A General-Purpose Technology at Work: The Corliss Steam Engine in the Late-Nineteenth-Century United States
AbstractThe contribution to growth from the steam engine Industrial Revolution icon and prime example of a General Purpose Technology has remained unclear. This article examines the role that a particular design improvement in steam power, embodied in the Corliss engine, played in the growth of the U.S. economy in the late nineteenth century. Using detailed data on the location of Corliss engines and waterwheels and a two-stage estimation strategy, we show that the deployment of Corliss engines served as a catalyst for the industry s massive relocation into large urban centers, thus fueling agglomeration economies and further population growth.
Download InfoIf you experience problems downloading a file, check if you have the proper application to view it first. In case of further problems read the IDEAS help page. Note that these files are not on the IDEAS site. Please be patient as the files may be large.
Bibliographic InfoArticle provided by Cambridge University Press in its journal The Journal of Economic History.
Volume (Year): 64 (2004)
Issue (Month): 01 (March)
Contact details of provider:
Postal: The Edinburgh Building, Shaftesbury Road, Cambridge CB2 2RU UK
Fax: +44 (0)1223 325150
Web page: http://journals.cambridge.org/jid_JEHProvider-Email:email@example.com
You can help add them by filling out this form.
CitEc Project, subscribe to its RSS feed for this item.
- Desmet, Klaus & Rossi-Hansberg, Esteban, 2009.
"Spatial growth and industry age,"
Journal of Economic Theory,
Elsevier, vol. 144(6), pages 2477-2502, November.
- Kim, Sukkoo, 2005. "Industrialization and urbanization: Did the steam engine contribute to the growth of cities in the United States?," Explorations in Economic History, Elsevier, vol. 42(4), pages 586-598, October.
- Atack, Jeremy & Bateman, Fred & Margo, Robert A., 2008.
"Steam power, establishment size, and labor productivity growth in nineteenth century American manufacturing,"
Explorations in Economic History,
Elsevier, vol. 45(2), pages 185-198, April.
- Jeremy Atack & Fred Bateman & Robert Margo, 2006. "Steam Power, Establishment Size, and Labor Productivity Growth in Nineteenth Century American Manufacturing," NBER Working Papers 11931, National Bureau of Economic Research, Inc.
- Leah Platt Boustan & Devin Bunten & Owen Hearey, 2013. "Urbanization in the United States, 1800-2000," NBER Working Papers 19041, National Bureau of Economic Research, Inc.
- Uwe Cantner & Simone Vannuccini, 2012. "A New View of General Purpose Technologies," Jena Economic Research Papers 2012-054, Friedrich-Schiller-University Jena, Max-Planck-Institute of Economics.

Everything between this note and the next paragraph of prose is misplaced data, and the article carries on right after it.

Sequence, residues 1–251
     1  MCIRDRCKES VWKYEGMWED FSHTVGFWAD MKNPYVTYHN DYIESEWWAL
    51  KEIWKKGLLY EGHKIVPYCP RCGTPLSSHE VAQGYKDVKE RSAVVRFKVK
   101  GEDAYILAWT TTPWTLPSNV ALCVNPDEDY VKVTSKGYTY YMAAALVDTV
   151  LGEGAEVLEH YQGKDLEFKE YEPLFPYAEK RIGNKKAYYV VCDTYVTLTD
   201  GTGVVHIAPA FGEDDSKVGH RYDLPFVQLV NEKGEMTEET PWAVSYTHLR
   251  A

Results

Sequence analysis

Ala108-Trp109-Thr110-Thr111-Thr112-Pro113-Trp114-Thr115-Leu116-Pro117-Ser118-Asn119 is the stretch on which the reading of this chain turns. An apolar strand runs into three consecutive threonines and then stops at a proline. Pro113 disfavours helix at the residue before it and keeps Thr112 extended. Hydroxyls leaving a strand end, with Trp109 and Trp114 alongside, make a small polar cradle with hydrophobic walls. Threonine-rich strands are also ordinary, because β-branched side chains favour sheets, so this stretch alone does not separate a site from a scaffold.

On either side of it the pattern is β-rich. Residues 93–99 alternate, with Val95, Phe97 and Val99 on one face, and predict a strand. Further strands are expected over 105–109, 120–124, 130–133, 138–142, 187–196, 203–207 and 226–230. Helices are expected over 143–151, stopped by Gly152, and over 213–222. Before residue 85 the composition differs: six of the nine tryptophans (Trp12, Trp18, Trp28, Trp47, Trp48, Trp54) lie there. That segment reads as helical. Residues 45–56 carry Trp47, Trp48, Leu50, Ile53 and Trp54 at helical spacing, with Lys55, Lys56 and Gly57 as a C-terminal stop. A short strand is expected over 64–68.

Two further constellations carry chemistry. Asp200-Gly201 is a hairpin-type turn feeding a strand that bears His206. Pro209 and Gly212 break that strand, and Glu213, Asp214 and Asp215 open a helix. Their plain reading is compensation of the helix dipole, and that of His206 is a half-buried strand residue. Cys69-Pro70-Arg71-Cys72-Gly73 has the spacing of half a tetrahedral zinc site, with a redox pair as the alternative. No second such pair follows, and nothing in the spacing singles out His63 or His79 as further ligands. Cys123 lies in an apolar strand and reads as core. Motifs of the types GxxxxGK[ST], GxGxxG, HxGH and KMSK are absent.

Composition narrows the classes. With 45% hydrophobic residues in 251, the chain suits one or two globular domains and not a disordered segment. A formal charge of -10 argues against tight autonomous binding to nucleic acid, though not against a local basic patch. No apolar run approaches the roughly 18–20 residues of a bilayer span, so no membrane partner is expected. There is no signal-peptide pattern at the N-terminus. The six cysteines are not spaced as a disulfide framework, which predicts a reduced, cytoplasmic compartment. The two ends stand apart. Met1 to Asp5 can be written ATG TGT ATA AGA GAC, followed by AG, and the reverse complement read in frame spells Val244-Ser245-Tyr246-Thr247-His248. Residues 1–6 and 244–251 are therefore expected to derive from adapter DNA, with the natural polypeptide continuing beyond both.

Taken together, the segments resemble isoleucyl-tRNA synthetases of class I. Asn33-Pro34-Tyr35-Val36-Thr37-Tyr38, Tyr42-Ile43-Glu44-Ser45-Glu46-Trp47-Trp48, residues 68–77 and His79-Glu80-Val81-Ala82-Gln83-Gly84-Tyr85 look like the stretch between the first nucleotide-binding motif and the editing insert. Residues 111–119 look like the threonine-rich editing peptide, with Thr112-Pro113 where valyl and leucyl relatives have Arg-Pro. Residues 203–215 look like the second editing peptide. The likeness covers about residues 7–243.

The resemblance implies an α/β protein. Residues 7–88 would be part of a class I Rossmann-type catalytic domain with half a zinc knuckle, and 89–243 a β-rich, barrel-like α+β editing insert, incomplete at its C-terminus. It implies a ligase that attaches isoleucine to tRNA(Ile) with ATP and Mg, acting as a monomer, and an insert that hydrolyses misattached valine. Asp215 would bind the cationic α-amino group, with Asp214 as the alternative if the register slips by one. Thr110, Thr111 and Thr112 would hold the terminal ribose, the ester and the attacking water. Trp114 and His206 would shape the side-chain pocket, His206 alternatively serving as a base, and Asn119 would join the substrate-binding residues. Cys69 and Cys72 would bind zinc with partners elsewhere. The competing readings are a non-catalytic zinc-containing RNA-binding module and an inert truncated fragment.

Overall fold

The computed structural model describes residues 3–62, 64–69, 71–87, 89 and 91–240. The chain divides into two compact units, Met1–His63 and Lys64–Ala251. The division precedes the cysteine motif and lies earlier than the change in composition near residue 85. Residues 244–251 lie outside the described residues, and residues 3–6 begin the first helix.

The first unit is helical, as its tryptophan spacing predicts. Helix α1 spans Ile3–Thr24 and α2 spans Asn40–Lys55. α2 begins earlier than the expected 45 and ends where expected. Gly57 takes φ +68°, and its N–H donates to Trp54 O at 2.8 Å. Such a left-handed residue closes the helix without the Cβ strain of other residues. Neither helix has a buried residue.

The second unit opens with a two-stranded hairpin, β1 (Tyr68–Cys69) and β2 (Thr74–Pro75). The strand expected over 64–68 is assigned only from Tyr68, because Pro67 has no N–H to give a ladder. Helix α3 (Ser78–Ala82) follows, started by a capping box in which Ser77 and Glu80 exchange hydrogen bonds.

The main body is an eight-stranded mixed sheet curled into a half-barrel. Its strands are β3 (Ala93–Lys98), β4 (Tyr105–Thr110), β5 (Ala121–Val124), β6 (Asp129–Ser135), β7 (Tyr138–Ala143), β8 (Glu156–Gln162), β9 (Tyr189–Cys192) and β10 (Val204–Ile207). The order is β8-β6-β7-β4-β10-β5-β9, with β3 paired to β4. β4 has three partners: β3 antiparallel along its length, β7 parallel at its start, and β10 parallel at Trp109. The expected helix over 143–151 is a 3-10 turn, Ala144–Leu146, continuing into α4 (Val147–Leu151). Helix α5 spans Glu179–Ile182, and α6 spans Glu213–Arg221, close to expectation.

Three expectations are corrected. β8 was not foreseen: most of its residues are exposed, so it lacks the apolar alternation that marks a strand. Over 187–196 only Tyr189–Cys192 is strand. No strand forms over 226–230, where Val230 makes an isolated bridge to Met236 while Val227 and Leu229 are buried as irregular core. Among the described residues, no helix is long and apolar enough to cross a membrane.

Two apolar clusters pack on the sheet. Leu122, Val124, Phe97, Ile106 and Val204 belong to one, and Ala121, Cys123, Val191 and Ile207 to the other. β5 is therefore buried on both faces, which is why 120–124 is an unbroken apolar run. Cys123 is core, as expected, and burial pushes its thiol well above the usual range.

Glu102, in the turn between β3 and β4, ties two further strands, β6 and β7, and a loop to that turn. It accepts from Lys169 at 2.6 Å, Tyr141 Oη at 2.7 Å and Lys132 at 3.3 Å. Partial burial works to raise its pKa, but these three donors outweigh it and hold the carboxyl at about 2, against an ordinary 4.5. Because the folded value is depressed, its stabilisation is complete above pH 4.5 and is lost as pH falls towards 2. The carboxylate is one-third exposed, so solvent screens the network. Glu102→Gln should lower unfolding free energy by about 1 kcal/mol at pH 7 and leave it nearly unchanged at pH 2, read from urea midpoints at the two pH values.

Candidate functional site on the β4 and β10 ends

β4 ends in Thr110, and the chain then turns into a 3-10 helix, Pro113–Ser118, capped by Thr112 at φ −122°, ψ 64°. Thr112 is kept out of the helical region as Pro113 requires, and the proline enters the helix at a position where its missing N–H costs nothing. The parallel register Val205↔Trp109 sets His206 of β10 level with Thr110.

- Edquist, Harald & Henrekson, Magnus, 2004.
"Technological Breakthroughs and Productivity Growth,"
Working Paper Series in Economics and Finance
0562, Stockholm School of Economics, revised 04 Apr 2005.
- Henrekson, Magnus & Edquist, Harald, 2006. "Technological Breakthroughs and Productivity Growth," Working Paper Series 665, Research Institute of Industrial Economics.
- Broadberry, Stephen & Fremdling, Rainer & Solar, Peter M., 2008.
"European Industry, 1700 - 1870,"
GGDC Research Memorandum
GD-101, Groningen Growth and Development Centre, University of Groningen.
- Broadberry Stephen & Fremdling Rainer & Solar Peter M., 2008. "European Industry 1700-1870," Jahrbuch für Wirtschaftsgeschichte / Economic History Yearbook, De Gruyter, vol. 49(2), pages 141-172, December.
- Broadberry Stephen & Fremdling Rainer & Solar Peter M., 2008. "European Industry 1700-1870," Jahrbuch für Wirtschaftsgeschichte / Economic History Yearbook, De Gruyter, vol. 49(2), pages 141-171, December.
- R. Andergassen & F. Nardini & M. Ricottilli, 2013. "Innovation diffusion, technological convergence and economic growth," Working Papers wp912, Dipartimento Scienze Economiche, Universita' di Bologna.
- Maine, Elicia & Garnsey, Elizabeth, 2006. "Commercializing generic technology: The case of advanced materials ventures," Research Policy, Elsevier, vol. 35(3), pages 375-393, April.
- Kim, Sukkoo, 2004. "Industrialization and Urbanization: Did the Steam Engine Contribute to the Growth of Cities in the United States?," Institute of European Studies, Working Paper Series qt4hd75171, Institute of European Studies, UC Berkeley.
- Burton A. Abrams & Jing Li & James G. Mulligan, 2007. "Did Steam Engines Fuel Urban Growth in the Late Nineteenth Century? Less Sanguine Results," Working Papers 07-12, University of Delaware, Department of Economics.
- Jalava, Jukka & Pohjola, Matti, 2008. "The roles of electricity and ICT in economic growth: Case Finland," Explorations in Economic History, Elsevier, vol. 45(3), pages 270-287, July.
For technical questions regarding this item, or to correct its authors, title, abstract, bibliographic or download information, contact: (Keith Waters).
If you have authored this item and are not yet registered with RePEc, we encourage you to do it here. This allows to link your profile to this item. It also allows you to accept potential citations to this item that we are uncertain about.
If references are entirely missing, you can add them using this form.
If the full references list an item that is present in RePEc, but the system did not link to it, you can help with this form.
If you know of missing items citing this one, you can help us creating those links by adding the relevant references in the same way as above, for each refering item. If you are a registered author of this item, you may also want to check the "citations" tab in your profile, as there may be some citations waiting for confirmation.
Please note that corrections may take a couple of weeks to filter through the various RePEc services.